Review: The Hunger Games: Catching Fire (2013 movie)

The first film in the series was an OK dystopian science fiction adventure aimed (like the trilogy of novels the films are based on) primarily at an adolescent audience, but this sequel is quite a lot better, with more depth and complexity, and not incidentally placing additional demands on the actors, especially the star, Jennifer Lawrence, whose excellent performance adds humanity and nuance.

The story is set in a future America ruled by a central metropolis called, with arrogantly bad spelling, The Capitol. In continuing punishment for a rebellion against The Capitol 75 years earlier, each of the country’s 12 districts is required to send one male and one female teenager as “tribute” to battle to the death in the annual Hunger Games, a multi-day combination gladiatorial contest and reality television show. Katniss Everdeen (Lawrence) survived last year’s Games—hardly a surprise if you’ve seen the poster for this film—and became hugely popular in the process. At the start of this film she’s sent on a victory tour during which she gradually realizes that she’s become the focus of a revolutionary sentiment building among the populations of the districts, especially the poorer ones.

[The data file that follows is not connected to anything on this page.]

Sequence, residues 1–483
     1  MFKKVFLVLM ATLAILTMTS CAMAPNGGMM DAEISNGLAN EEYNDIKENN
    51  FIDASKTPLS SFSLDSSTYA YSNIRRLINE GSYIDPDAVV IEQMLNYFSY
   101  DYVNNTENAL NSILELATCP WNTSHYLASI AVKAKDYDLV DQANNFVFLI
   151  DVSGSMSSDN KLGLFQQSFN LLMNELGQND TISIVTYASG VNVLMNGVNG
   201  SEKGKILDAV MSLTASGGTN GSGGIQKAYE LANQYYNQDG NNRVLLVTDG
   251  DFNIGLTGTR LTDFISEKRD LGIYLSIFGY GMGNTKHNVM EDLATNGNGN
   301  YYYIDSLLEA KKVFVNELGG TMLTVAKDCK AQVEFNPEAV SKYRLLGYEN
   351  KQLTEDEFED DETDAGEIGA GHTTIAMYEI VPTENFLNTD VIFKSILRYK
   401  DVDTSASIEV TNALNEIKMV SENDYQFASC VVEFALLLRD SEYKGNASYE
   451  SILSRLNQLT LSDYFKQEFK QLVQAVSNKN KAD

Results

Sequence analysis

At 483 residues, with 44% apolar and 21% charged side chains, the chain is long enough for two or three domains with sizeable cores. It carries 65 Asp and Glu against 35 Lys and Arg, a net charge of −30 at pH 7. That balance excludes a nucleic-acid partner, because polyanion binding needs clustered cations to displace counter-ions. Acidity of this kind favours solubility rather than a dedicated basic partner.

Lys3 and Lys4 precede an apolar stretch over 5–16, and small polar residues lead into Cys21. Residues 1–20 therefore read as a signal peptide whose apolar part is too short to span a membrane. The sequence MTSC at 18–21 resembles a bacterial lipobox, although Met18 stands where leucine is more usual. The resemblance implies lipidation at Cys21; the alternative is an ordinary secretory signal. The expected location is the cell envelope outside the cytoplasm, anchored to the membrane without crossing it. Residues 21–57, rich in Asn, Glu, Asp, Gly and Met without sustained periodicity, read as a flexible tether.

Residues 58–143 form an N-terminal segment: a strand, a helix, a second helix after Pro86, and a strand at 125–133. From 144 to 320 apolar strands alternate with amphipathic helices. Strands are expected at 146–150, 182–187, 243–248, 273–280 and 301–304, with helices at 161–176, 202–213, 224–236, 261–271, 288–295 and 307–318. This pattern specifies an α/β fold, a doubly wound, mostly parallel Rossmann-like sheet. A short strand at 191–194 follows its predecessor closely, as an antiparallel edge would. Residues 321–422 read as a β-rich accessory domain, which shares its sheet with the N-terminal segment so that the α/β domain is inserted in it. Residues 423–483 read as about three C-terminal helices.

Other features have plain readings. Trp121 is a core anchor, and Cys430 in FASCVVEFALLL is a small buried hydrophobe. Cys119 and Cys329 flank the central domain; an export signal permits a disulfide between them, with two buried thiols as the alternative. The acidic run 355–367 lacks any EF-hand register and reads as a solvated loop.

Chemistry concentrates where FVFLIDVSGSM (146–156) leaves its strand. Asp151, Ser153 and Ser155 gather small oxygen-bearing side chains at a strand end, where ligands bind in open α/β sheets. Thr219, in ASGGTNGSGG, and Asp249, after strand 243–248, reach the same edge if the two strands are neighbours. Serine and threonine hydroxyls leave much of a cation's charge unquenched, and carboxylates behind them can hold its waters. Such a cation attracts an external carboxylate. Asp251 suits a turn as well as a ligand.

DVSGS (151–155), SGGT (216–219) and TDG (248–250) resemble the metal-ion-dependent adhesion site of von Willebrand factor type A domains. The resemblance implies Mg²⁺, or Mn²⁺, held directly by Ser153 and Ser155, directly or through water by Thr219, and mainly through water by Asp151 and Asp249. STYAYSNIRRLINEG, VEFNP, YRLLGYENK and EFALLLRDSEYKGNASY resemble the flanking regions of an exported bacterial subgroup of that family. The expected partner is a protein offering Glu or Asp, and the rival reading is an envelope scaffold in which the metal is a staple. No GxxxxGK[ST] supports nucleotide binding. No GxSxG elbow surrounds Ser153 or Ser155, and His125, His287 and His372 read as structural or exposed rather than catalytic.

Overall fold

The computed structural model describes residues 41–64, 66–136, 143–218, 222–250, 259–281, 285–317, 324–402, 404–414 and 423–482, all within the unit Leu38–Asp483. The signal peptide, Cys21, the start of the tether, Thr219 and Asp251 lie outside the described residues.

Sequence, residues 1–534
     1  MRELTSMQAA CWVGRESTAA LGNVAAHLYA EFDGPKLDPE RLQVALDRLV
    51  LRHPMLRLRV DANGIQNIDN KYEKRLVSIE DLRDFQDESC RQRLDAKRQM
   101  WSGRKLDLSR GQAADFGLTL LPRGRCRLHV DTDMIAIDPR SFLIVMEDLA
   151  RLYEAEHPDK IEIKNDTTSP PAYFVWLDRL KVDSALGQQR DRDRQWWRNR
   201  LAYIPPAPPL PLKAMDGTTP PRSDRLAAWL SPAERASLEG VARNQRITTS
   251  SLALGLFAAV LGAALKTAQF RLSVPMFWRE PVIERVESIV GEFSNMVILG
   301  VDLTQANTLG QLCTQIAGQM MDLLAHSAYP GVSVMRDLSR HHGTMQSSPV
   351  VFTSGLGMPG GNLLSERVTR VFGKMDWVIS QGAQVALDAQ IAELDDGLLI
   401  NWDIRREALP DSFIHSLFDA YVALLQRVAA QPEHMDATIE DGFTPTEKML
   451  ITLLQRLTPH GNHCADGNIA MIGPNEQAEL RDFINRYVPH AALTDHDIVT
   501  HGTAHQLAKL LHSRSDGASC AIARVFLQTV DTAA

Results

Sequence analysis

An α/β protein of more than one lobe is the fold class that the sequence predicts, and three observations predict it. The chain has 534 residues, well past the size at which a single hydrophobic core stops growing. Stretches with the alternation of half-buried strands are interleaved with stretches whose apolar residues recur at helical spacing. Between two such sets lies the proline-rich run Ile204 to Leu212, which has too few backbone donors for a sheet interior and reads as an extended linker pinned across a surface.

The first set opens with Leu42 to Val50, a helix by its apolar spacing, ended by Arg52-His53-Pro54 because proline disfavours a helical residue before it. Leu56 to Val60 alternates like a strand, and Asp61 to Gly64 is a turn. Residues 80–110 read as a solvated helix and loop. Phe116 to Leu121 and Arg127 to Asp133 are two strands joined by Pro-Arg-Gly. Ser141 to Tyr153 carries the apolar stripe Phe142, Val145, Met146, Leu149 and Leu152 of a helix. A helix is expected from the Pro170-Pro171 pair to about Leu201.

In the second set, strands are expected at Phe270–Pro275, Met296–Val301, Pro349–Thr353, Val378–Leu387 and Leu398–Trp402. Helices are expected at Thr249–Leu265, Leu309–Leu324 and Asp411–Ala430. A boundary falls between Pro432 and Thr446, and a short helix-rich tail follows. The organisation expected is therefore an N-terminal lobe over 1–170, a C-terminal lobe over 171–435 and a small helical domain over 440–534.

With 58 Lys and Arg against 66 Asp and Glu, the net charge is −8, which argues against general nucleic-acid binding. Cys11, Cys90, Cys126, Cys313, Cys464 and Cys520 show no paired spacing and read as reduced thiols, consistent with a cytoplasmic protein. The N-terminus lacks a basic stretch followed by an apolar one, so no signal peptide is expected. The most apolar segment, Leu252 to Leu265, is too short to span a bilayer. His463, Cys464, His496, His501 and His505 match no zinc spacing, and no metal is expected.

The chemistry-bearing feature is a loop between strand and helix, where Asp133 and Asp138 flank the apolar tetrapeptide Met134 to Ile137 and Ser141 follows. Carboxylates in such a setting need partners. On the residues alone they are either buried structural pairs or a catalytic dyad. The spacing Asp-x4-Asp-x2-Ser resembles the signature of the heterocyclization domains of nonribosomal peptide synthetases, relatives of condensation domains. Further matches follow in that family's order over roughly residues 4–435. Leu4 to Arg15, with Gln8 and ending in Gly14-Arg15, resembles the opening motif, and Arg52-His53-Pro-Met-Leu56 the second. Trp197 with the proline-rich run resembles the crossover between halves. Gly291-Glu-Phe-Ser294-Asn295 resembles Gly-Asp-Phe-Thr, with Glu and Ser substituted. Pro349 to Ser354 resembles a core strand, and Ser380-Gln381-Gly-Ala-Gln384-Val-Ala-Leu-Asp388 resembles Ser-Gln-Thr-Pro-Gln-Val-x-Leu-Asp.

This rather annoys head bad guy President Snow (Donald Sutherland), so to discourage rebellion he orders a zero-tolerance crackdown on even the mildest dissent (beatings will continue until morale improves and that sort of thing), and he threatens her loved ones to get Katniss to cooperate in distracting people from their grievances.

She responds not with predictable heroic defiance but as a real human being desperate to save herself and her family and friends, which makes her later heroism all the more believable and admirable.
This was the top grossing film of 2013, and it’s surprising to note that the previous box-office winner to give top billing to an actress was The Exorcist in 1973, and the last one to focus primarily on a female protagonist was The Sound of Music in 1965. There’s probably no precedent among box office winners in the science fiction or adventure genres.


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